I really liked how everyone interacted with the art and the exhibit. And I hope those of you who came will come again to get the luxury of reading the captions and panels on a less crowded day. The gallery (410 GooDBuddY at 410 FL Ave NW) is open on Saturdays 12-2PM, Fridays 10AM-12PM until we shutter the thing February 17. Inauguration Day stop by we'll be open until 3pm that day, and we have an artists talk February 11th 2-4PM so you can ask us questions. 

Thanks to BACA, the DC Humanities Council, ANXO, Right Proper and other sponsors, oh and Scott Roberts (Mr. Info).

This is a fight I'm done with- Richardson Place

So I'm back from a BACA meeting. Two topics took up a majority of the meeting, one being the District of Columbia's criminal justice system, the other being the proposed co-housing, 24 bedroom, 24 bath thing up on Richardson Place. The residents of Richardson, particularly Jim N. have my sympathy, but that property, that problem, I'm done with it. I fought that fight in 2005, it's been over a decade, and I can think of worse things.... which we fought against, and what OakTree development proposes, that ain't it.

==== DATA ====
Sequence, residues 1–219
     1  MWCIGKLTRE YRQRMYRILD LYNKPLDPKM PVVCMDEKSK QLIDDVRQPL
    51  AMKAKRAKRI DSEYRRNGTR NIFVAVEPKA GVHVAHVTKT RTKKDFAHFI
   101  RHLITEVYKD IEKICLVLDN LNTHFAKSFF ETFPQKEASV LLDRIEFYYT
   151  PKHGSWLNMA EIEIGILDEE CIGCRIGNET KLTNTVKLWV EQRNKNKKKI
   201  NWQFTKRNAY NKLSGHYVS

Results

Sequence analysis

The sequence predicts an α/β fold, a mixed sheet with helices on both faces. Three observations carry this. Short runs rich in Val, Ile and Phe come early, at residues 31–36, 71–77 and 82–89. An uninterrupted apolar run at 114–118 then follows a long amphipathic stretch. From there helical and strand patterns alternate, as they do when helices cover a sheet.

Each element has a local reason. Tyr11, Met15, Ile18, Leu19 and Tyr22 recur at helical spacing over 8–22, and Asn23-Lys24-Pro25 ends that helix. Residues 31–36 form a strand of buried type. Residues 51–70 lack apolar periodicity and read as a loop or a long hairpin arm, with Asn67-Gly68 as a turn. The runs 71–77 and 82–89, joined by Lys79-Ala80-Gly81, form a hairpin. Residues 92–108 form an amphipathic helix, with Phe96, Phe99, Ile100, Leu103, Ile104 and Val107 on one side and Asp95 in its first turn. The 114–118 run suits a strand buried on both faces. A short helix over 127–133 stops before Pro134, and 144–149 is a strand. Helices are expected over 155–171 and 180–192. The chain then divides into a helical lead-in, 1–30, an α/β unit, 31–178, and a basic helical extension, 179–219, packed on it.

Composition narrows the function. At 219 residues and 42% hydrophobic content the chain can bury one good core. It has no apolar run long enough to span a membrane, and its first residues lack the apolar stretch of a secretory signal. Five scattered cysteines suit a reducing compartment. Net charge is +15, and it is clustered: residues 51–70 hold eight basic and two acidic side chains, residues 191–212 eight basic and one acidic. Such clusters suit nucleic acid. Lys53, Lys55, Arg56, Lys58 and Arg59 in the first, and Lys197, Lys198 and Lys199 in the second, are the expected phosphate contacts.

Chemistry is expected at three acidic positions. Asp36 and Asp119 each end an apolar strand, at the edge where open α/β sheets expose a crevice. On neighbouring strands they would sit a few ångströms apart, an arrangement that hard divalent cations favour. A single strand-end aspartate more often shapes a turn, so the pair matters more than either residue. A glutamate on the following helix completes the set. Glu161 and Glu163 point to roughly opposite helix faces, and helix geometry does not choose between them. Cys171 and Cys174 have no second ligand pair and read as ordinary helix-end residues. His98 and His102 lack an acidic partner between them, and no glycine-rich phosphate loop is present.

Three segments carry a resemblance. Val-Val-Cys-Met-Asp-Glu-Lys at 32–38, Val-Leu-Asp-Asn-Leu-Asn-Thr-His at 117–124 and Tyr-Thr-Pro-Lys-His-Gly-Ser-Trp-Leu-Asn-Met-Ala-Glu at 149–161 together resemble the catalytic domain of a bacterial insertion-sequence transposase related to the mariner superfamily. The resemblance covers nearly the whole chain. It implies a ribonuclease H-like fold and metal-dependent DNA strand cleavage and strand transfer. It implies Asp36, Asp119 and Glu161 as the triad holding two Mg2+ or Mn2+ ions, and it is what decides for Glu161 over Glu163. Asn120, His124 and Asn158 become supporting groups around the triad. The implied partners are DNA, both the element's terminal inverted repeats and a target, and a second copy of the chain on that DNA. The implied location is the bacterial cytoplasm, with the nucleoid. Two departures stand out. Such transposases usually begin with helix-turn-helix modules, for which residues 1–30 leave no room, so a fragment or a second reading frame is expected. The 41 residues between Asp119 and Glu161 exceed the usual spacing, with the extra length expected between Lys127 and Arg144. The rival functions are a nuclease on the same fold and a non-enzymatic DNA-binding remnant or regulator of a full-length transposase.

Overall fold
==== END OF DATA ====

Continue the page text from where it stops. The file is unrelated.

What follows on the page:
Back in November 2005, eleven years and two months ago, I wrote on the old InShaw blog about Wilbur Mondie/ Mondi and his plans to build some buildings on the empty lots, and later Jim N.'s beautiful garden. In that month a few neighbors on that block, people on Richardson, 4th Street and New Jersey Avenue banded together and got our then ANC and BACA president Jim Berry involved.

Then the residents were concerned about water drainage, parking and a concern about shoehorning families in need into some cheaply built cramped looking housing. I should mention in 2005, parking was plentiful (compared to today) and we had lots of Section 8's (poor people housing) with disruptive tenants. No Big Bear. Nothing cool.